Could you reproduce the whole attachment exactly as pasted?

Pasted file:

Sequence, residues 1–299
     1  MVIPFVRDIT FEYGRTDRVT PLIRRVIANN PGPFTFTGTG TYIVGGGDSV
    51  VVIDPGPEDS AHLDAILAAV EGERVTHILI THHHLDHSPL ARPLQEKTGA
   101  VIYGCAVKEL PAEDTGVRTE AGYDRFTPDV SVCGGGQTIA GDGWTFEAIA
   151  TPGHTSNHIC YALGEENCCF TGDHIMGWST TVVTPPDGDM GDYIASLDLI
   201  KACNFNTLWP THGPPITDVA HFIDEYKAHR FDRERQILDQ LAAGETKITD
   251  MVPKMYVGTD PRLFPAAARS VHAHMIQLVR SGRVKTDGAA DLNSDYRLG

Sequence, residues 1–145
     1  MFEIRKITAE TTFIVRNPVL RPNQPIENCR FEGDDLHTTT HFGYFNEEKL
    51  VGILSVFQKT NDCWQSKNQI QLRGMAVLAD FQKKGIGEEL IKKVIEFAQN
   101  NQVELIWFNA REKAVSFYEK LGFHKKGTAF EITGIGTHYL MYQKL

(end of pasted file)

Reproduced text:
Sequence, residues 1–299
     1  MVIPFVRDIT FEYGRTDRVT PLIRRVIANN PGPFTFTGTG TYIVGGGDSV
    51  VVIDPGPEDS AHLDAILAAV EGERVTHILI THHHLDHSPL ARPLQEKTGA
   101  VIYGCAVKEL PAEDTGVRTE AGYDRFTPDV SVCGGGQTIA GDGWTFEAIA
   151  TPGHTSNHIC YALGEENCCF TGDHIMGWST TVVTPPDGDM GDYIASLDLI
   201  KACNFNTLWP THGPPITDVA HFIDEYKAHR FDRERQILDQ LAAGETKITD
   251  MVPKMYVGTD PRLFPAAARS VHAHMIQLVR SGRVKTDGAA DLNSDYRLG

Sequence, residues 1–145
     1  MFEIRKITAE TTFIVRNPVL RPNQPIENCR FEGDDLHTTT HFGYFNEEKL
    51  VGILSVFQKT NDCWQSKNQI QLRGMAVLAD FQKKGIGEEL IKKVIEFAQN
   101  NQVELIWFNA REKAVSFYEK LGFHKKGTAF EITGIGTHYL MYQKL